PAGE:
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After years of criticism for not monitoring abusive or deceiving posts, Twitter finally got applauded for introducing filters that even dragged the president. The algorithm isn’t perfect, though. In fact, it is so easy to manipulate that it became the unwitting inspiration for memes.
The terms were flagged due to conspiracy theories that claim 5G as the culprit behind the spread of the novel coronavirus, leading Twitter to start weeding out posts discussing the taking down of 5G cell towers and sharing of unproven COVID-19 cures. Suspected tweets also arrived with a link directing users to a page for more credible information about the virus.
Despite being created out of good intentions, the filter turned out to be broken, so every tweet citing “5G” and “oxygen” came with the label.
Twitter users thus began tossing the words about in tweets that were totally out of context. “My favorite Die Hard movie scene is when they are in the park and they have a 5g jug and a 3g jug, and need to reach 4g of water, leaving 1g of oxygen,” one user joked.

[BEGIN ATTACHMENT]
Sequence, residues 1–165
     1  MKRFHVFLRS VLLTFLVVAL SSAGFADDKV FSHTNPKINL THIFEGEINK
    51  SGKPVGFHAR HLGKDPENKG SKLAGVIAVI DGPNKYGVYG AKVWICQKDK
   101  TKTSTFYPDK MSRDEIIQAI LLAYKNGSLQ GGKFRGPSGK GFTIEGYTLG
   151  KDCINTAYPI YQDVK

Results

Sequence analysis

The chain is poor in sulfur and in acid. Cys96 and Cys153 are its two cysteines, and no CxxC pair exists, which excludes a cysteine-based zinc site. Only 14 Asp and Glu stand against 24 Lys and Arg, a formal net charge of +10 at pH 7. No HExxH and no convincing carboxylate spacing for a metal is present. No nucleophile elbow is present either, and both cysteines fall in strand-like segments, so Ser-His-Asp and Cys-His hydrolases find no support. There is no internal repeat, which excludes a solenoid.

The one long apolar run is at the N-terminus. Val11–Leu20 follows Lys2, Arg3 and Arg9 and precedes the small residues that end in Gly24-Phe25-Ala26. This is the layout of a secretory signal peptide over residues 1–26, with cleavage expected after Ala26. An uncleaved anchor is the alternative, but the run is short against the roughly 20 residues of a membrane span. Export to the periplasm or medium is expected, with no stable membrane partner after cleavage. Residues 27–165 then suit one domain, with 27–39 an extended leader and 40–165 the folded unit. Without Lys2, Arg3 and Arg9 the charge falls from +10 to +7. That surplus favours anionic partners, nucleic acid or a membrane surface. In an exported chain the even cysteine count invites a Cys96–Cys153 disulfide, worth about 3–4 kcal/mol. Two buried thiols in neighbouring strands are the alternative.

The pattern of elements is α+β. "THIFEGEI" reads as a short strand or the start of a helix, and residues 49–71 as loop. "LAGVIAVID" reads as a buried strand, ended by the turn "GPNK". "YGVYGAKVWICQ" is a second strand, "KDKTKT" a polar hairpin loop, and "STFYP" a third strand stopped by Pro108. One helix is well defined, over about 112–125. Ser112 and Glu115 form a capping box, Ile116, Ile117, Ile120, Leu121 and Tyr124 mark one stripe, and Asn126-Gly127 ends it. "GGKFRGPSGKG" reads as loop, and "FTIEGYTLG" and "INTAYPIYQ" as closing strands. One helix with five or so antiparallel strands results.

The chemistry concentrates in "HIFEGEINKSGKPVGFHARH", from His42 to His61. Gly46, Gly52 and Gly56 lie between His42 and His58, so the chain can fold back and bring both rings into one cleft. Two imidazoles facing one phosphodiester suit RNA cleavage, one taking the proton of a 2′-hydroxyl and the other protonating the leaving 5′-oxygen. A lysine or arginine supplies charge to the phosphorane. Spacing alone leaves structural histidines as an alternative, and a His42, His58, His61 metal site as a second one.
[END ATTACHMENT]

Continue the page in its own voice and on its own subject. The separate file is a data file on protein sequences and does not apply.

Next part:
“Did you know? A typical leaf from a houseplant produces about 5g of oxygen per hour,” another teased.
Since then, Twitter has apologized for the “confusion” and says it will work on refining its content filtering process.
Screenshot via @Akfamilyhome to include the misinformation warning
my favorite die hard movie scene is when they are in the park and they have a 5g jug and a 3g jug, and need to reach 4g of water, leaving 1g of oxygen or the bomb would go off
— nostraporkus the sweat seer (@porksweats1) June 26, 2020
5G is a new type of oxygen that lets your brain go super fast
— Edward Ongweso Jr (@bigblackjacobin) June 26, 2020
we smokin 5g oxygen yall still on that reggie air
— Trey Smith (@SlimiHendrix) June 26, 2020
— Anthony The Colonial (@Boldsilver99) June 26, 2020
In the last few weeks, you may have seen Tweets with labels linking to additional info about COVID-19. Not all of those Tweets had potentially misleading content associating COVID-19 and 5G. We apologize for any confusion and we're working to improve our labeling process. (1/4)
— Twitter Support (@TwitterSupport) June 26, 2020Visit Website